The Bacchae of Euripides - Euripides - ebook

“The Bacchae” is a Euripides tragedy, written while the author was at the court of Archelao, king of Macedonia, between 407 and 406 BC Euripides died a few months after completing it. The work was represented in Athens a few years later, probably in 403 BC, under the direction of the son (or grandson) of the author, also called Euripides. It was staged under a trilogy which also included Alcmeone in Corinth (now lost) and Ifigenia in Aulide. This trilogy of works gave the author a posthumous victory at the Grand Dionysons of that year.

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First digital edition 2017 by Gianluca Ruffini





DIONYSUS, THE GOD; son of Zeus and of the Theban princess Semele. CADMUS, formerly King of Thebes, father of Semele. PENTHEUS, King of Thebes, grandson of Cadmus. AGAVE, daughter of Cadmus, mother of Pentheus. TEIRESIAS, an aged Theban prophet. A SOLDIER OF PENTHEUS’ GUARD. TWO MESSENGERS. A CHORUS OF INSPIRED DAMSELS, following Dionysus from the East.

“The play was first produced after the death of Euripides by his son, who bore the same name, together with the ‘Iphigenia in Aulis’ and the ‘Alcmaeon,’ probably in the year 405 B.C.”


The background represents the front of the Castle of PENTHEUS, King of Thebes. At one side is visible the sacred Tomb of Semele, a little enclosure overgrown with wild vines, with a cleft in the rocky floor of it from which there issues at times steam or smoke. The God DIONYSUS is discovered alone.


Behold, God’s Son is come unto this land Of Thebes, even I, Dionysus, whom the brand Of heaven’s hot splendour lit to life, when she Who bore me, Cadmus’ daughter Semele, Died here. So, changed in shape from God to man, I walk again by Dirce’s streams and scan Ismenus’ shore. There by the castle side I see her place, the Tomb of the Lightning’s Bride, The wreck of smouldering chambers, and the great Faint wreaths of fire undying - as the hate Dies not, that Hera held for Semele. Aye, Cadmus hath done well; in purity, He keeps this place apart, inviolate, His daughter’s sanctuary; and I have set My green and clustered vines to robe it round. Far now behind me lies the golden ground Of Lydian and of Phrygian; far away The wide hot plains where Persian sunbeams play, The Bactrian war-holds, and the storm-oppressed Clime of the Mede, and Araby the Blest, And Asia all, that by the salt sea lies In proud embattled cities, motley-wise Of Hellene and Barbarian interwrought; And now I come to Hellas - having taught All the world else my dances and my rite Of mysteries, to show me in men’s sight Manifest God. And first of Hellene lands I cry thus Thebes to waken; set her hands To clasp my wand, mine ivied javelin, And round her shoulders hang my wild fawn-skin. For they have scorned me whom it least beseemed, Semele’s sisters; mocked my birth, nor deemed That Dionysus sprang from Dian seed. My mother sinned, said they; and in her need, With Cadmus plotting, cloaked her human shame With the dread name of Zeus; for that the flame From heaven consumed her, seeing she lied to God. Thus, must they vaunt; and therefore hath my rod On them first fallen, and stung them forth wild-eyed From empty chambers; the bare mountain side Is made their home, and all their hearts are flame. Yea, I have bound upon the necks of them The harness of my rites. And with them all The seed of womankind from hut and hall Of Thebes, hath this my magic goaded out. And there, with the old King’s daughters, in a rout Confused, they make their dwelling-place between The roofless rocks and shadowy pine trees green. Thus shall this Thebes, how sore soe’er it smart, Learn and forget not, till she crave her part In mine adoring; thus must I speak clear To save my mother’s fame, and crown me here As true God, born by Semele to Zeus.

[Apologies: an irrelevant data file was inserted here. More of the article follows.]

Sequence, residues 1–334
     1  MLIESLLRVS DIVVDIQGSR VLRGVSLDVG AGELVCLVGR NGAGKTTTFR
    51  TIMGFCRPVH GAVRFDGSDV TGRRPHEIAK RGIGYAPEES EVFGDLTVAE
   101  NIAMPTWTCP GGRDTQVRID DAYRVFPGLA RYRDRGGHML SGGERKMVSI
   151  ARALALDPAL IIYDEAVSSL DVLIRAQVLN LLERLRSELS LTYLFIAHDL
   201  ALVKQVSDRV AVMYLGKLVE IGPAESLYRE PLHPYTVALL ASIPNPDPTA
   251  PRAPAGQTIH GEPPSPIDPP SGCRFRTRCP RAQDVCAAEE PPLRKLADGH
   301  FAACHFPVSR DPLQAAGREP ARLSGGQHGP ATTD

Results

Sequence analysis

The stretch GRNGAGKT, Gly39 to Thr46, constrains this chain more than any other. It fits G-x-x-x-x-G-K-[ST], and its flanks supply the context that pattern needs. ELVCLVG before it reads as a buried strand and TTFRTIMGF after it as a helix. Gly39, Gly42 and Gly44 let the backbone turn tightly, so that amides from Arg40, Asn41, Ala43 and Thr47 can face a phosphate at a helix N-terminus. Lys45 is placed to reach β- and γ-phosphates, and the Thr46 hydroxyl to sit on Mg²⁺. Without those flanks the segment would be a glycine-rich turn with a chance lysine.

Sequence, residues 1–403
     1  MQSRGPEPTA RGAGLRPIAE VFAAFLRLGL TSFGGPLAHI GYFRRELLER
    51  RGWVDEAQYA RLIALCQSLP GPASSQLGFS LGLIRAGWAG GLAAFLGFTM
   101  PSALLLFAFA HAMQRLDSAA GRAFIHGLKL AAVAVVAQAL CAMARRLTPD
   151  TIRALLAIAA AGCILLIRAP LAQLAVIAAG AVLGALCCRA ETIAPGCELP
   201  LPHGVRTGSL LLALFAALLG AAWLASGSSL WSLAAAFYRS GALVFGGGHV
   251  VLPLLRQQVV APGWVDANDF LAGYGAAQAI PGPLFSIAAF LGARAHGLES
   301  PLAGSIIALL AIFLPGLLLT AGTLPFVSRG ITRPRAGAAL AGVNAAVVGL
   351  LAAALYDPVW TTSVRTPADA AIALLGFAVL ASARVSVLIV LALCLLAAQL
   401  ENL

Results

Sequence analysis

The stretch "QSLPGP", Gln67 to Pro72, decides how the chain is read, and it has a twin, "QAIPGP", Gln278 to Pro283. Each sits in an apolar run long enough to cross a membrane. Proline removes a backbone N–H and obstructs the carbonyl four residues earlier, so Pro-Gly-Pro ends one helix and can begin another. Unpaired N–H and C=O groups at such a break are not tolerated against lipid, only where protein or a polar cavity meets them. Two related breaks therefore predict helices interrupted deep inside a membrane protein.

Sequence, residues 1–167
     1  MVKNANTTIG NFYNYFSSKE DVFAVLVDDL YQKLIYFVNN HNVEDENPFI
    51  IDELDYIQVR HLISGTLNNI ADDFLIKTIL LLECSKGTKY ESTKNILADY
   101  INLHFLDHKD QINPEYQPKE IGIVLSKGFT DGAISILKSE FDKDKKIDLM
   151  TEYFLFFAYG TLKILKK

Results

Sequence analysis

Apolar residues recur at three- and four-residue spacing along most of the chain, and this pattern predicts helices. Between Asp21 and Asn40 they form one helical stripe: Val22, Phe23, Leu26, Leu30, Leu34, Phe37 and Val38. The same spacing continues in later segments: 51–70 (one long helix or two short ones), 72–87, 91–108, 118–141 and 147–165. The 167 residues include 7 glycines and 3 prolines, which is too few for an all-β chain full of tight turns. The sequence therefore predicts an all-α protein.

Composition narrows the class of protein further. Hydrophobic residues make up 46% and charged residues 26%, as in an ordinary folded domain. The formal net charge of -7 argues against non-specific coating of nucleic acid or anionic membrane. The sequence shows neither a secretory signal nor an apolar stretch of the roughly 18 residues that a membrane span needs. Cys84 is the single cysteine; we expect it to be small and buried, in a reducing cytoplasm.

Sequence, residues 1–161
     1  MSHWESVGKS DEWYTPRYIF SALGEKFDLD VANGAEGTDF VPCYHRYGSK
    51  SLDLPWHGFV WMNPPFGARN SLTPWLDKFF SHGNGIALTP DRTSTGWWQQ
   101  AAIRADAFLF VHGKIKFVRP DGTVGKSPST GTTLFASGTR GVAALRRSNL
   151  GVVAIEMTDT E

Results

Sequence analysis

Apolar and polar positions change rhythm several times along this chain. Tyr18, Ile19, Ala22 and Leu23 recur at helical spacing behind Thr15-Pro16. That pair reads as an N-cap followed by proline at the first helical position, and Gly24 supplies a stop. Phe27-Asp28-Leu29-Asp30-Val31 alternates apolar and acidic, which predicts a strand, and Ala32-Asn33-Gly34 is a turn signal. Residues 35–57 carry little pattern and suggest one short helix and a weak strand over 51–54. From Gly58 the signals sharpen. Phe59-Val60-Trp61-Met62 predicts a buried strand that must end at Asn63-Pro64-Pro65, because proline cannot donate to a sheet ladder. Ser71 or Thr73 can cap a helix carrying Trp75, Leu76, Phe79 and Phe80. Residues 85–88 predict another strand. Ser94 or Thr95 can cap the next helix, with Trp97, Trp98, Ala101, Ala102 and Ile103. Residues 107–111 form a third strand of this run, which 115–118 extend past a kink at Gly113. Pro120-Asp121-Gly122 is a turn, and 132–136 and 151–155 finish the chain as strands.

Now Cadmus yieldeth up his throne and use Of royal honour to his daughter’s son Pentheus; who on my body hath begun A war with God. He thrusteth me away From due drink-offering, and, when men pray, My name entreats not. Therefore on his own Head and his people’s shall my power be shown. Then to another land, when all things here Are well, must I fare onward, making clear My godhead’s might. But should this Theban town Essay with wrath and battle to drag down My maids, lo, in their path myself shall be, And maniac armies battled after me! For this I veil my godhead with the wan Form of the things that die, and walk as Man.

O Brood of Tmolus o’er the wide world flown, O Lydian band, my chosen and mine own, Damsels uplifted o’er the orient deep To wander where I wander, and to sleep Where I sleep; up, and wake the old sweet sound, The clang that I and mystic Rhea found, The Timbrel of the Mountain! Gather all Thebes to your song round Pentheus’ royal hall. I seek my new-made worshippers, to guide Their dances up Kithaeron’s pine-clad side.